Over the winter, there is no price cut for the Combo Ticket. As a result, the average cost of admission to each of the seven sites during the winter is €32.

(unless you qualify for free entry). That is just €2 more than the Combo Ticket price.

If you just plan on visiting three or four places during your winter visit, the Special Ticket Package is not worth it.

You will break even if you visit all but the Archaeological Site of Lykeion.

If you miss the Roman Agora, for example, you would have paid €2 more than if you had paid for each location separately.


Entrance to Acropolis Athens

The main entrance to the Acropolis is near the Acropolis metro station. It’s on the red line of the Athens metro system.

This station provides convenient access to the site. Visitors usually walk from the station to the Acropolis entrance.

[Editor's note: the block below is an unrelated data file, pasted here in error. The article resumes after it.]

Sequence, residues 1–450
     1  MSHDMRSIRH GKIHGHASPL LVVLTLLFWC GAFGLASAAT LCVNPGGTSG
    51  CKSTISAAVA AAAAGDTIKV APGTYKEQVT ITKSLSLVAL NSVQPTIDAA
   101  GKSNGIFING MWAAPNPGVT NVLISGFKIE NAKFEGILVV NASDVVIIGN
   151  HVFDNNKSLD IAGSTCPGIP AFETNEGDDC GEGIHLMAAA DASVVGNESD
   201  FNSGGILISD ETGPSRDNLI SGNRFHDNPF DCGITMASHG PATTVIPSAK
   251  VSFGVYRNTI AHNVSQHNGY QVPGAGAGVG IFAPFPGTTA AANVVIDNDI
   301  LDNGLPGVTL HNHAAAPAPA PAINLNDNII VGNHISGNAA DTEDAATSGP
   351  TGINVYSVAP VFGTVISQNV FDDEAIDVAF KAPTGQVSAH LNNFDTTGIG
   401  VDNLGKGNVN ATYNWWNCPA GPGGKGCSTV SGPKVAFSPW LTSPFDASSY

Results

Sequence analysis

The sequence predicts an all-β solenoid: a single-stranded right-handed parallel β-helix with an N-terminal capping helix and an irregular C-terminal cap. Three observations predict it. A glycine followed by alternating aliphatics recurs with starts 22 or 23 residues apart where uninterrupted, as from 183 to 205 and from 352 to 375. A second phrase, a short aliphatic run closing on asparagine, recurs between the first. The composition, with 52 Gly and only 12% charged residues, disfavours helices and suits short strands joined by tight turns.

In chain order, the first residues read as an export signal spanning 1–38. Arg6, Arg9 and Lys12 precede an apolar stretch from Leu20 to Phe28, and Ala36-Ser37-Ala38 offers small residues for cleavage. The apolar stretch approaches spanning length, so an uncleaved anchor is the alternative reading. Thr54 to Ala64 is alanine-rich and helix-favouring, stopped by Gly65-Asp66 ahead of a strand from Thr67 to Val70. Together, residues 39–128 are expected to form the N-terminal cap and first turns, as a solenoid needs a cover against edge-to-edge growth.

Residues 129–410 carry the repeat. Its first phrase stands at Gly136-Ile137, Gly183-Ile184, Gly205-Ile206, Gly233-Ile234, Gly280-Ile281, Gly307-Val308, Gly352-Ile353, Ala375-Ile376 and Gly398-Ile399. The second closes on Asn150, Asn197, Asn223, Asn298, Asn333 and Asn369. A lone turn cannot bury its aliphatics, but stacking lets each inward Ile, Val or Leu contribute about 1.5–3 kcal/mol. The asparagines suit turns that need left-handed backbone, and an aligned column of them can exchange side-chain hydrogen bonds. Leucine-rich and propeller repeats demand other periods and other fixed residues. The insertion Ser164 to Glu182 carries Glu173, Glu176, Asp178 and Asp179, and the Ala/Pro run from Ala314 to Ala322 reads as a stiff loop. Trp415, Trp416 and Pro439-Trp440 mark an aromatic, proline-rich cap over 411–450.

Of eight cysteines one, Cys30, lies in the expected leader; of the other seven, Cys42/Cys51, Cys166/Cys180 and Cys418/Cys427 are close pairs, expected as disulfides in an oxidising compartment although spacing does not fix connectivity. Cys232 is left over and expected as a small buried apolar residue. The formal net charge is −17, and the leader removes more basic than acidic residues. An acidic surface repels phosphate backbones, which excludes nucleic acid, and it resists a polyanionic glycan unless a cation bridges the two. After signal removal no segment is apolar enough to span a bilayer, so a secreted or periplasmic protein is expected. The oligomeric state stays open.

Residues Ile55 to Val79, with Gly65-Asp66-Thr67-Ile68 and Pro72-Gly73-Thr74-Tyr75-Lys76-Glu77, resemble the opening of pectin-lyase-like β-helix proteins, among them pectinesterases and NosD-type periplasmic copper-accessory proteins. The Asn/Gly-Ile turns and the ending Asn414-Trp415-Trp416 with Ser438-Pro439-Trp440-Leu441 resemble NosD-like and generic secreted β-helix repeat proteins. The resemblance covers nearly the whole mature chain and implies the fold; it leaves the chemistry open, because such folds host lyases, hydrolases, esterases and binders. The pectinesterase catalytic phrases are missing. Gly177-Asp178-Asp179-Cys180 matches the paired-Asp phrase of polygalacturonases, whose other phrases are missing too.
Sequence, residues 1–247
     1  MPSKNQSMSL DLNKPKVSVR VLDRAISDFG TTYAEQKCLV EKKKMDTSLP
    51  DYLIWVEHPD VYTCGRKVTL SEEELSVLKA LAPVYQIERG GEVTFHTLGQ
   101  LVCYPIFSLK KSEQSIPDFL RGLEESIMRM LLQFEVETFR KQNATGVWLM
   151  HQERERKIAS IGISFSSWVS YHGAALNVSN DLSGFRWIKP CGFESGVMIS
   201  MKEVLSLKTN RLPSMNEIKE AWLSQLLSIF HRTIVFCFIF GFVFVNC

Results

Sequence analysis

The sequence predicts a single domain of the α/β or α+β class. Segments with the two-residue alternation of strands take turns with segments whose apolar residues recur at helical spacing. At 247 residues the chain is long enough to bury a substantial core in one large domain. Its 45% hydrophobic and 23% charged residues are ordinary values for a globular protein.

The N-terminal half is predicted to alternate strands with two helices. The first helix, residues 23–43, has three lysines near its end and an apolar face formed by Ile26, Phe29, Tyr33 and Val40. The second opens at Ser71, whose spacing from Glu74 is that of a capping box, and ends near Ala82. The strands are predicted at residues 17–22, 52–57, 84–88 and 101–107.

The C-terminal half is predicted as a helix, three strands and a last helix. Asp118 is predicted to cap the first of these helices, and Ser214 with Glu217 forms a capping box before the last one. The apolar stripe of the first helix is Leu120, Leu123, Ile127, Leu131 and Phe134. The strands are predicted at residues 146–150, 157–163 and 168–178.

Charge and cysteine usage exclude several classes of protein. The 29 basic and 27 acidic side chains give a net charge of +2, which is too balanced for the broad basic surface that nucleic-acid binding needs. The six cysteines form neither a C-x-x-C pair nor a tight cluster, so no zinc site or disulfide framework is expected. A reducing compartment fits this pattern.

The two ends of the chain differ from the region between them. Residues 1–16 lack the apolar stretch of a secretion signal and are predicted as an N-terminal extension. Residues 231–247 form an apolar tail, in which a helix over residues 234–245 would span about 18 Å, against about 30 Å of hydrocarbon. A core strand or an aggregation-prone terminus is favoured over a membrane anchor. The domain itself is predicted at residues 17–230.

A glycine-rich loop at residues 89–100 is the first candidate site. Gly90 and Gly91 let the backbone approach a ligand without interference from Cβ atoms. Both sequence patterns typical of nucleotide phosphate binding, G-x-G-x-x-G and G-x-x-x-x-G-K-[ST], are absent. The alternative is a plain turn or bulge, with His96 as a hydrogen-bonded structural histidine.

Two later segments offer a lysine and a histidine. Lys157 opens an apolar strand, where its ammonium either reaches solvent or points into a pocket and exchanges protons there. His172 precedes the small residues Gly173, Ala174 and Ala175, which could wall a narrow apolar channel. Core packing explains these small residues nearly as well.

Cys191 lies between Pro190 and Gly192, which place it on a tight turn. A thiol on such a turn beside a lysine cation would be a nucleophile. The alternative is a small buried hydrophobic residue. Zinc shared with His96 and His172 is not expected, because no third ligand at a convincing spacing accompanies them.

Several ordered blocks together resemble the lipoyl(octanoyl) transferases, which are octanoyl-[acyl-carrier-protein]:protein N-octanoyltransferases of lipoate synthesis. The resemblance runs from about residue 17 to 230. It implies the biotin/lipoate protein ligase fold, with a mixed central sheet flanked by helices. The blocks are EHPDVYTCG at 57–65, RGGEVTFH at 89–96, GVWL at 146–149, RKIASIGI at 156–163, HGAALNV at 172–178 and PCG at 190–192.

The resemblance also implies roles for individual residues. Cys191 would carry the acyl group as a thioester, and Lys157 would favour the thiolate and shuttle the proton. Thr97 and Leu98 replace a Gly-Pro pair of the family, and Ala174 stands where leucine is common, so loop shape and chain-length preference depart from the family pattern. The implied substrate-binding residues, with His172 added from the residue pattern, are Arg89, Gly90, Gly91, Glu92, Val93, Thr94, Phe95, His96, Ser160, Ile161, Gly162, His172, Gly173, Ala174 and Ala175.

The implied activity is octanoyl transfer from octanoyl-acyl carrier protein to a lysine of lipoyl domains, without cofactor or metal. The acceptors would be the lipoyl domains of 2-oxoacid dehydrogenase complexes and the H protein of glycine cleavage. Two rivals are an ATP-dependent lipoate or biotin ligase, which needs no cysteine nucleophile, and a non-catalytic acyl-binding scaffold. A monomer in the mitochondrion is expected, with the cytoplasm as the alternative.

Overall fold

There, they can explore many significant ancient structures, including the famous Parthenon. It’s recommended to buy tickets online in advance.

They are also available at the site. The Acropolis offers a unique glimpse into ancient Greek history and culture. It also provides stunning views of the city of Athens.


Which sites does the Combo Ticket include? The Acropolis

The holiest rock in modern-day Athens is one of the most famous archaeological sites. It is the city’s top attraction.

It was the most important worship center for ancient Athenians.

People lived there since the Neolithic. But, it was not until the 11th century BC that the Acropolis became the center of the Athena cult.

The monuments we see today are much more recent, dating from the 5th century, when Athens was at its most strong.

On top of the Acropolis, there are many religious structures. The most famous is the Parthenon.

The Erechtheion is another well-known structure.
Single Admission: €20 (reduced by €10)


How to Get to the Acropolis

To get to the Acropolis in Athens, you have several options: